One of the best things about the UNIX environment (aside from being stable and efficient) is the vast array of software tools available to help you do your job. Traditionally, a UNIX tool does only one thing, but does that one thing very well. For example, grep is very easy to use and can search vast amounts of data quickly. The find tool can find a particular file or files based on all kinds of criteria. It's pretty easy to string these tools together to build even more powerful tools, such as a tool that finds all of the .log files in the /home directory and searches each one for a particular entry. This erector-set mentality allows UNIX system administrators to seem to always have the right tool for the job.
Cron traditionally has been considered another such a tool for job scheduling, but is it enough? This webinar considers that very question. The first part builds on a previous Geek Guide, Beyond Cron, and briefly describes how to know when it might be time to consider upgrading your job scheduling infrastructure. The second part presents an actual planning and implementation framework.
Join Linux Journal's Mike Diehl and Pat Cameron of Help Systems.
Free to Linux Journal readers.Register Now!
- SUSE LLC's SUSE Manager
- My +1 Sword of Productivity
- Murat Yener and Onur Dundar's Expert Android Studio (Wrox)
- Non-Linux FOSS: Caffeine!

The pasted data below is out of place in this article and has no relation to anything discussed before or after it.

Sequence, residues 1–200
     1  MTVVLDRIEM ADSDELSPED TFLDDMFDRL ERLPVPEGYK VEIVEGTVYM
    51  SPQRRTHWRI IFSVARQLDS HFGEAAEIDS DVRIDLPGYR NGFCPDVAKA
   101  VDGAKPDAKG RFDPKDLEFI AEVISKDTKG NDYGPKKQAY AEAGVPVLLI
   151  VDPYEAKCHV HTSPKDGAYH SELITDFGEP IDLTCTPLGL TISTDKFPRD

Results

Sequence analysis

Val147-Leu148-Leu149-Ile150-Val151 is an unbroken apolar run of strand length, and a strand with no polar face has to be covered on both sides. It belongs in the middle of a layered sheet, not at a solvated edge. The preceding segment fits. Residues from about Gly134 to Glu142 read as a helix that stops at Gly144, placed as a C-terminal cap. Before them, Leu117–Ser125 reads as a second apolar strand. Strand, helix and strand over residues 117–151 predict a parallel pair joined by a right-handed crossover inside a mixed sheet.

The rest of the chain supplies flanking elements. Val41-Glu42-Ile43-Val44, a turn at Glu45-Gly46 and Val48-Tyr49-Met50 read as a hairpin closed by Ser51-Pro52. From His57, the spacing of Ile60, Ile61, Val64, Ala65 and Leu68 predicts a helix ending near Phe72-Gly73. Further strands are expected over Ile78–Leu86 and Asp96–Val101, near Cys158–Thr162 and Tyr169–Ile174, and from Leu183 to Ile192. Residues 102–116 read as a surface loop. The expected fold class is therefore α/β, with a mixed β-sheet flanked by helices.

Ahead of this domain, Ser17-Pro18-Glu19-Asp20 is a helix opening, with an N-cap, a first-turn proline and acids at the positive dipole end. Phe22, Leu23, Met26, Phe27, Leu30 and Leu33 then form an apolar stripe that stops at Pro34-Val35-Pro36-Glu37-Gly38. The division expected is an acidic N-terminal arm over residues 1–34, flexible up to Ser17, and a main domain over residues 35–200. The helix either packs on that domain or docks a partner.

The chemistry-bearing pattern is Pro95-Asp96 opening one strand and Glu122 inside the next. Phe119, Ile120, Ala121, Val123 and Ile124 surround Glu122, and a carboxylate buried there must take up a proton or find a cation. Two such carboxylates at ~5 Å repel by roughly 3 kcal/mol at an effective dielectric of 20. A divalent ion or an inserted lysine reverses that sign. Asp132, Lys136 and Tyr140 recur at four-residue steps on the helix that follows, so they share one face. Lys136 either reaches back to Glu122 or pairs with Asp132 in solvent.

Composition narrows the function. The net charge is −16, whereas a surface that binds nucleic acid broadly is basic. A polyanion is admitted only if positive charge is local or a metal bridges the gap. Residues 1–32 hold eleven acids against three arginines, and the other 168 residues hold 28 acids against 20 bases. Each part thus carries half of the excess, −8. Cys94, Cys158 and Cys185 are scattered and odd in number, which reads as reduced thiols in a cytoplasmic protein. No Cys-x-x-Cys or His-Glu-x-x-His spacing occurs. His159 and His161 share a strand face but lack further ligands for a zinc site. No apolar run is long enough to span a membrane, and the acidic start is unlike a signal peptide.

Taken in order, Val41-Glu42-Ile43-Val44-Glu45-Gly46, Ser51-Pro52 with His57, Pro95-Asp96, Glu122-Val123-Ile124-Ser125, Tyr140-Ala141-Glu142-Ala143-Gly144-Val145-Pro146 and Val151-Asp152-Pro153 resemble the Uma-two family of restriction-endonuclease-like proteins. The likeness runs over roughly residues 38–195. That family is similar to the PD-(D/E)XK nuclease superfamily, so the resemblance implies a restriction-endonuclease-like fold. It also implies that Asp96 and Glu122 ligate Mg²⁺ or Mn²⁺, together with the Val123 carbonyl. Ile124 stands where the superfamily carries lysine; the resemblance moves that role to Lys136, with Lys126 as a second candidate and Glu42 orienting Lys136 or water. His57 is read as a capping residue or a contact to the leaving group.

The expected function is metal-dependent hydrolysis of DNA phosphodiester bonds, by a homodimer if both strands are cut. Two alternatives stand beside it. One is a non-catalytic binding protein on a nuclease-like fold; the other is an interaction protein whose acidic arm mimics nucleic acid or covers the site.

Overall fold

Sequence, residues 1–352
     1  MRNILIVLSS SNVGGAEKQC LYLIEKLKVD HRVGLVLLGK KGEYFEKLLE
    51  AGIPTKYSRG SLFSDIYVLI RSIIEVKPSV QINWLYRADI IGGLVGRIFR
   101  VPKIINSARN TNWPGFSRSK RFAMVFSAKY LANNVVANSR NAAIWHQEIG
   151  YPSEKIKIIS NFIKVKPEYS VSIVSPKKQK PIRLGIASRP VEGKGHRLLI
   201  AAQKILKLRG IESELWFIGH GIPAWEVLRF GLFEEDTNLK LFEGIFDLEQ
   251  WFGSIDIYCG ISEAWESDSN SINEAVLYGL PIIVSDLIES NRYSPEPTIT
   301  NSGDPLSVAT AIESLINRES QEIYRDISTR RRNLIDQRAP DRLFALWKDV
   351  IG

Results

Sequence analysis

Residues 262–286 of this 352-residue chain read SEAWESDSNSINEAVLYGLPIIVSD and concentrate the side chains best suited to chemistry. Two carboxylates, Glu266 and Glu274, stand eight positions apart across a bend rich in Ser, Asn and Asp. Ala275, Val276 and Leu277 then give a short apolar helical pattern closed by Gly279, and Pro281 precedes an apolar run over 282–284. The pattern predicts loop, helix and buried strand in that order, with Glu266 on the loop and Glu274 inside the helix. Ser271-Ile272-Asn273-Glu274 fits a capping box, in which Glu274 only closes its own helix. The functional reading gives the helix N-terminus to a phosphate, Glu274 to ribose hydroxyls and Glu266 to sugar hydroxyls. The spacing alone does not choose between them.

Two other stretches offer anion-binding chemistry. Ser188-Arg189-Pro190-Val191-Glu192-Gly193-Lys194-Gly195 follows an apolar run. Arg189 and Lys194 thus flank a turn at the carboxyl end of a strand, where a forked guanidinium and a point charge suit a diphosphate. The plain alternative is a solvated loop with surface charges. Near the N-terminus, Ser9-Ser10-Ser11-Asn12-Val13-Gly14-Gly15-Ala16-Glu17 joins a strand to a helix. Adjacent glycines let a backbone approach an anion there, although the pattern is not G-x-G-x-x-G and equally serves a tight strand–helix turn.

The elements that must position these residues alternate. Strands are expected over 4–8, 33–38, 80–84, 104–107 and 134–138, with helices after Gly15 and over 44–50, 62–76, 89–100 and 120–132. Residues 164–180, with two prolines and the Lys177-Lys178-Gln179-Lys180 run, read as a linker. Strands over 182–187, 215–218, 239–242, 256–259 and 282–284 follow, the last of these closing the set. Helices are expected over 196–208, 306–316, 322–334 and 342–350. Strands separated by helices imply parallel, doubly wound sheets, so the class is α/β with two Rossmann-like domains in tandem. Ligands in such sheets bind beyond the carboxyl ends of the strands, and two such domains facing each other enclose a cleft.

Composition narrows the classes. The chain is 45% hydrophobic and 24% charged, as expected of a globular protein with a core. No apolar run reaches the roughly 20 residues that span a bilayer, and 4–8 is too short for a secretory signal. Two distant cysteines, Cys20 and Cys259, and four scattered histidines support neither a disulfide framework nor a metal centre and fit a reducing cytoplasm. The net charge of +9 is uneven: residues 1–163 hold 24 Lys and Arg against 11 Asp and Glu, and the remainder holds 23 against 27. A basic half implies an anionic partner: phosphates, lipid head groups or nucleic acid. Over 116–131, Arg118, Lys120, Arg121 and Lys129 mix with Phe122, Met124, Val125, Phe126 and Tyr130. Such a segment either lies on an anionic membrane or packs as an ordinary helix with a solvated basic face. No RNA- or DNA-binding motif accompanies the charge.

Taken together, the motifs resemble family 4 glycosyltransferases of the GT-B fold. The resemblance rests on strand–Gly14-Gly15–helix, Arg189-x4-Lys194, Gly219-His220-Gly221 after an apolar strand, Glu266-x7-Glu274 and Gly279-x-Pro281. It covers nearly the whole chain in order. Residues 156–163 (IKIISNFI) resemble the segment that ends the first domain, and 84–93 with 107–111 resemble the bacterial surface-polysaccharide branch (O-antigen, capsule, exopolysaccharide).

- Managing Linux Using Puppet
- Doing for User Space What We Did for Kernel Space
- Tech Tip: Really Simple HTTP Server with Python
- Parsing an RSS News Feed with a Bash Script
- Rogue Wave Software's Zend Server
- SuperTuxKart 0.9.2 Released
With all the industry talk about the benefits of Linux on Power and all the performance advantages offered by its open architecture, you may be considering a move in that direction. If you are thinking about analytics, big data and cloud computing, you would be right to evaluate Power. The idea of using commodity x86 hardware and replacing it every three years is an outdated cost model. It doesn’t consider the total cost of ownership, and it doesn’t consider the advantage of real processing power, high-availability and multithreading like a demon.
This ebook takes a look at some of the practical applications of the Linux on Power platform and ways you might bring all the performance power of this open architecture to bear for your organization. There are no smoke and mirrors here—just hard, cold, empirical evidence provided by independent sources. I also consider some innovative ways Linux on Power will be used in the future.Get the Guide